Recent practice has been to suspend the televising of its public meetings during the two months prior to school board elections. The stated rationale for the blackout has been the board’s fear that a board candidate would “grandstand” – in other words, criticize the existing board – during his or her few minutes at the podium during the “public comment” portion of the meeting.
Evidently, our school board doesn’t think the taxpaying residents watching a televised board meeting are intelligent enough to determine whether a candidate is “grandstanding,” or simply airing a legitimate question or concern.
In past years, citizen requests to overturn the blackout have met with a resounding “no” from the board. This month, following such a request, the board consented to suspend this year’s blackout.
The public meetings of the board will be televised with the exception of the “public comment” portion of the meetings. That portion of the meeting, in which the residents who are paying the bills get to ask questions and comment about district finances and school policy – in other words, the portion of the meeting that the board is unable to choreograph – will be censored.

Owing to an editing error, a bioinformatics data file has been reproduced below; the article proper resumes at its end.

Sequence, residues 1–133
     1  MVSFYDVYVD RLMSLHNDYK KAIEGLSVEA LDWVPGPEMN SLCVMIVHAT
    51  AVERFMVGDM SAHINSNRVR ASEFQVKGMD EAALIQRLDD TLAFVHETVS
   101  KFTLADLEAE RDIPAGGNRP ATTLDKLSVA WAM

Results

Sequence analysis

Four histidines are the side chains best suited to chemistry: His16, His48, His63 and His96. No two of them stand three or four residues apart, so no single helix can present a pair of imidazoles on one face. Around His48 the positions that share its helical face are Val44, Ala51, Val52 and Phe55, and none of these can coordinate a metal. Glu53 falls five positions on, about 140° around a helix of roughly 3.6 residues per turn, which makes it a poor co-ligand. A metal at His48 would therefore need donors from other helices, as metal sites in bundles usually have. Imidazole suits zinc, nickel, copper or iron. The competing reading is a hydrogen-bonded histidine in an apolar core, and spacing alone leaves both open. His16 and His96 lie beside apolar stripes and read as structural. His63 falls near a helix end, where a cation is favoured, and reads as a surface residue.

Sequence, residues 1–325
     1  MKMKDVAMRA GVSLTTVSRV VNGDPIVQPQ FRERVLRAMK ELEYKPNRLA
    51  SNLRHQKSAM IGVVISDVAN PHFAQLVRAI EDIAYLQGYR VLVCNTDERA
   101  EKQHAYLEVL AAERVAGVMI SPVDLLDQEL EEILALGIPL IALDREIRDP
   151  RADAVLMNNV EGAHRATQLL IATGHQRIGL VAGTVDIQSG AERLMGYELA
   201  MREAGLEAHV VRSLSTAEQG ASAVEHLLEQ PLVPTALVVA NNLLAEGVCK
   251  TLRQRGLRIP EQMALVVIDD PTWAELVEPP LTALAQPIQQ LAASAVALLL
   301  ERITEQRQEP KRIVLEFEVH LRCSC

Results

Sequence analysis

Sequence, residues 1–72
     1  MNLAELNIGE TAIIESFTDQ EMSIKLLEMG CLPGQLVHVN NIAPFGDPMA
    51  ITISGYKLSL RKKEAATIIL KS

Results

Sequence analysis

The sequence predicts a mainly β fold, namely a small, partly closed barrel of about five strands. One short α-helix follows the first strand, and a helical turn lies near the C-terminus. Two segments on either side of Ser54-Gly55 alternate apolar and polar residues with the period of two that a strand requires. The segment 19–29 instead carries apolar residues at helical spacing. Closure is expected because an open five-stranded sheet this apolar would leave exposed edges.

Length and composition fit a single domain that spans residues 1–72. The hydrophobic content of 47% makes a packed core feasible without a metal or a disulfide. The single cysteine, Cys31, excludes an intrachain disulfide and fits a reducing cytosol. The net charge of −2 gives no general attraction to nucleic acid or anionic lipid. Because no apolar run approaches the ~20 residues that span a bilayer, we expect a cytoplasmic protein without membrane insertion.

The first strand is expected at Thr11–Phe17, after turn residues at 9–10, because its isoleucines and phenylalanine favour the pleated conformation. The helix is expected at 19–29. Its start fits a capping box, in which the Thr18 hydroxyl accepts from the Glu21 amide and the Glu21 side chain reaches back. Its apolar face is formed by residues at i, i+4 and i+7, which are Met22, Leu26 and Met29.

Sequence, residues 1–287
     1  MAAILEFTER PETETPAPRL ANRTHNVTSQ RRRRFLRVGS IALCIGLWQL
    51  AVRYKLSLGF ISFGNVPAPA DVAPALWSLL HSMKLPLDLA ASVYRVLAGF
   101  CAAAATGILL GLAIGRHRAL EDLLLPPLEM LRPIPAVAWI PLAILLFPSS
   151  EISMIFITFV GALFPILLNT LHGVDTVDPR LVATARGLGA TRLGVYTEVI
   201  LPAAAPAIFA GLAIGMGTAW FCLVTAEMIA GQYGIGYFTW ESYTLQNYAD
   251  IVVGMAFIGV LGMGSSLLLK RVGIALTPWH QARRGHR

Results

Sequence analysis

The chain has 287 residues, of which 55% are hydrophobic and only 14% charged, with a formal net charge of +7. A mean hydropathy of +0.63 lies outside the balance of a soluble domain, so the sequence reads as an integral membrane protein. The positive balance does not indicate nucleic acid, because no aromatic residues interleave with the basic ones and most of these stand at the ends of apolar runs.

While their neighbors are “grandstanding” at the podium, interested taxpayers watching at home apparently will be pacified with elevator music and a test pattern.
Of course, residents can view the entire meeting by attending in person. They also can listen to the podcast on the district’s website. But that isn’t the point.
The point is that there continues to be a disconcerting inconsistency between the board’s promises to improve communication with the community, and actions that further alienate the people who voted them into their positions.
Contrary to what some members of the board may believe, Strongsville is not a community of people who “don’t get it.”
In fact, this is a community of wise individuals who take exception to being treated like idiots.
That much was strongly evident in the overwhelming repudiation of the board’s request for more tax money in the May and August elections. With their votes, the community spoke loudly and clearly. It was a message that the board couldn’t censor.